Folks came to this 2006 NTC session because they were interested in telephony cost savings, networking distributed organizations, and reduced operating costs. The presenters (organized by Duncan Drury of the London Advice Services Alliance) presented some great case studies and context:
VoIP on the desktop includes applications such as Skype, Gizmo, Wengo, Google Talk, and Zoep. John Lorrance from CompuMentor broke out the desktop options for the newbies in the room:
- Proprietary, or closed networks: Skype, DialPad, Yahoo! Chat.
- SIP networks, which are standards-based: Google Talk, Gizmo, Wengo, and Zoep. There are typically hosted service providers that can support these systems.
- Open source desktops: Gizmo, Wengo, and Zfone.
David Taylor of Radical Designs then walked through the server-side features of Asterisk, an open source PBX:
- Voice mail
- Call connecting
- Hunt groups
- Conference calling/conference rooms
- Interactive menus and database prompts
- Text to speech
- Audio streaming playback and recording
One of the reasons to use an IP phone is the theory is that your phone will work anywhere. This is where Lorrance gets excited about VoIP: it delivers telephony to communities that didn't have it before. This not only means rural areas in the US, but also immigrant communities and migrant workers.
Steve Albertson shared his own experience with Community Voice Mail (CVM), which provides 46,000 "phoneless" people with a local phone number that can be used for job search, housing search, or safe communications for women and children at risk. CVM currently has an aging voicemail server and local analog lines in nearly every city. This isn't just hard to support and manage, it has no redundancy for emergency situations such as Hurricane Katrina.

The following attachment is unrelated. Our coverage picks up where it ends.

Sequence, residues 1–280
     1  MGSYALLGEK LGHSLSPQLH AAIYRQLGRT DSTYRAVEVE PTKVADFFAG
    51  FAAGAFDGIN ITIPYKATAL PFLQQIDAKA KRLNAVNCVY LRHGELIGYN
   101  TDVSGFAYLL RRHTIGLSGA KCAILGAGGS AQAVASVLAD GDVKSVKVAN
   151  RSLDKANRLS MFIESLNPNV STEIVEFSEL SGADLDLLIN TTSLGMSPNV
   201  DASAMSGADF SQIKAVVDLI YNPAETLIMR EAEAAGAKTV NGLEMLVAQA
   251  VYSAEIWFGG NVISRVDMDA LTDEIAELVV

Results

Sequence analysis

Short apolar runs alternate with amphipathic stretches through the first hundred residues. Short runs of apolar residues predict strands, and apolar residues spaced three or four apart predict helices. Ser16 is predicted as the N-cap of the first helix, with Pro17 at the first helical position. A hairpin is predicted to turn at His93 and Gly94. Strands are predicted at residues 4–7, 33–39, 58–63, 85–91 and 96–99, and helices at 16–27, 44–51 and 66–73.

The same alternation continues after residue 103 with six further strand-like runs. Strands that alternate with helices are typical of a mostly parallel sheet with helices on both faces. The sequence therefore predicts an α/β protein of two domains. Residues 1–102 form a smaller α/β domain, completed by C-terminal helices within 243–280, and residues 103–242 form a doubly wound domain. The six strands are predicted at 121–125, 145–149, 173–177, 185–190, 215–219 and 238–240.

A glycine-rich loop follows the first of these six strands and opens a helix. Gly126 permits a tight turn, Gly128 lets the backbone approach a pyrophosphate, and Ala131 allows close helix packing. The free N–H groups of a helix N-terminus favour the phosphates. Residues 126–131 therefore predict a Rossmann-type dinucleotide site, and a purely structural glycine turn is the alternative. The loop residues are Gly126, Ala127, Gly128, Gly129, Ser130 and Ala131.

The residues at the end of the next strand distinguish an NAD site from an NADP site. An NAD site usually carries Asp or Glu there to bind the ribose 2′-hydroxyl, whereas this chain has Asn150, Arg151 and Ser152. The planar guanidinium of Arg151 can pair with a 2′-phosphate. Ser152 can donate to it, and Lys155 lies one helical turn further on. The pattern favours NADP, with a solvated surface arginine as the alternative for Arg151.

CVM is now in the process of moving to Cisco's Unity platform (which is SIP-compatible), and setting up a centralized, private IP network. They didn't want to use a public IP network, so they are using a national VoIP vendor that charges them a flat rate per number, rather than per-minute toll charges.
"VoIPcasting" allows users to stream their conference calls out to an entire membership. Companies in this space include Airfoil and Nicecast, both intended for streaming audio from Macs. I'm guessing that these could provide capabilities similar to YackPack's asynchronous streaming audio, but the parallel wasn't drawn in this forum. (Disclosure note: Omidyar Network is an investor in YackPack.)
Taylor's case study was his experience setting up a protest information line on the Republican National Committee (RNC). There's more information on this project, as well as the 2004 election call blaster, in my previous advocacy post written from O'Reilly Etel. Some of Taylor's interesting use cases for phone advocacy:
- coordinated actions and advocacy
- interactive info lines
- survey the membership or the public
- meeting reminders
- international and/or interactive conference calls
- distributed call centers
- virtual ad-hoc offices
Anderson's lessons learned reveal the challenges for nonprofits deploying VoIP:
- Telecom (IP) jargon is ridiculously complex
- It's tough to find vendors that support VoIP well
- VoIP deployment is not always cheaper, but it can be better
- When moving people from one system to another, making time to retrain, reconfigure, and transfer data
- In emergencies, getting the phone numbers and access information distributed (CVM set up 100,000 voicemail accounts for victims of Hurricane Katrina)
No one walked in aware of (or at least, asking about) the advocacy applications that were highlighted at O'Reilly Etel earlier this year, but it seemed that all walked out with outreach on their minds.